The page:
Marathon: the courtroom plea

IT HAS been 32 years since my name change. I was once named Marathon but I am now named Snickers. Opal Fruits, a close friend of mine, also went through an unnecessary name change and has been plagued with an inferiority complex ever since. I find myself in the same boat as Opal Fruits. I am bringing this matter to you, my honourable judge, so you can hear and sympathise with the frustration and confusion I have endured over the past 32 years.

Firstly, everyone knew me as Marathon. I did not have any form of identity crisis when my name was Marathon. I was a successful bar of chocolate containing peanuts, caramel, nougat and chocolate. I made regular appearances on television commercials… honourable judge, you may recall seeing me during the 1970s and 1980s? I was associated with straplines like “comes up peanuts, slice after slice” and “Marathon really satisfies.” The public loved me and most importantly, I knew what I stood for – my identity was as solid as a concrete slab.

Senior management told me I needed to be aligned with the rest of Europe. I was totally dumbfounded when they told me my name would be changed to Snickers. I searched the dictionary to find out the meaning of snickers: the definition is to make a gentle high-pitched neigh in reference to a horse or an act or sound of snickering, whereas marathon is defined as a long-distance running race, strictly one of 26 miles 385 yards, or a long and difficult task. Honourable Judge, as you can see, I am not a horse! In connection with the word marathon, I am packed with energy and nutrients to enable the consumer to push through a marathon and complete long and difficult tasks. My current name, Snickers, has also been associated with ladies underwear… knickers!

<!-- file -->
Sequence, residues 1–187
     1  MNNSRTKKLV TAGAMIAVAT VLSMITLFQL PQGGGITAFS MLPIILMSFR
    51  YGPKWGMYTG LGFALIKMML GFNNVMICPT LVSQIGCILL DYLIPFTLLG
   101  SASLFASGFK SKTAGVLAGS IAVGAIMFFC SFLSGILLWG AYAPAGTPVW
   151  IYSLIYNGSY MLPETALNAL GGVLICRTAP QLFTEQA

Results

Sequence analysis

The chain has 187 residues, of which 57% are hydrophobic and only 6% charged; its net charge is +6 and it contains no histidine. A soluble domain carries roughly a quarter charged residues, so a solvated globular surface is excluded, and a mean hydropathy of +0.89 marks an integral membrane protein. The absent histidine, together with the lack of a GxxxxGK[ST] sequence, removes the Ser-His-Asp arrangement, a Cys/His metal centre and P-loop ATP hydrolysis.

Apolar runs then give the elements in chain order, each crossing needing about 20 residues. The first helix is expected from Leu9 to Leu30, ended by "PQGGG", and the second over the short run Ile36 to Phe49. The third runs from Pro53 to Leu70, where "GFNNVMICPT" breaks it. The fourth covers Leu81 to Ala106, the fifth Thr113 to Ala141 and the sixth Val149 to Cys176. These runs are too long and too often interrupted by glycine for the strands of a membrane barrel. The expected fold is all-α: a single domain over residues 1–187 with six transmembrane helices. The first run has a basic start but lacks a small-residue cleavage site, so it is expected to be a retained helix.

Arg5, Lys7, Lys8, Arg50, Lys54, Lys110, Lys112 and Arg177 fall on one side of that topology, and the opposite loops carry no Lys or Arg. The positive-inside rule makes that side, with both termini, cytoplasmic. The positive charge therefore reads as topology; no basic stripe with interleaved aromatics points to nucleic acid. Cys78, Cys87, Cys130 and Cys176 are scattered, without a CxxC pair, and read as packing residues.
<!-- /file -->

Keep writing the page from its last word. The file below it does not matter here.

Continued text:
I bring my case to you with the hope that you understand the pain and frustration I have endured for many years. In the words of pop artist Taylor Swift, I believe it’s time to shake it off; Snickers needs to go, and Marathon needs to come back!

I know my time remaining to plead my case is limited, but, honourable Judge, I would be grateful if you can review the final pieces of evidence below: footage of television commercials during the 1970s and 1980s when my name was Marathon. The last television commercial below, was recorded when I was forced to reveal my new identity in 1990; you can clearly see all the confusion it caused. I await with anxious anticipation for your final decision.

4 thoughts on “Marathon: the courtroom plea”

  1. Snickers are what we heard when we were told Marathon was changing it’s name to this marketing joke . What a laugh, didn’t get it then and never will. Still tastes good though.

    1. Marathon was changed to Snickers to be aligned with the naming that was used throughout the rest of the world. I must agree with you, Starburst sounds much more infantile than Opal Fruits 😀. Thanks for commenting 🙂

      1. You’re welcome 🙂 I think Opal Fruits sounds exotic, opal being a jewel… Starburst sounds like it is aimed at small children.

Leave a Reply to Alan Cancel reply

This site uses Akismet to reduce spam. Learn how your comment data is processed.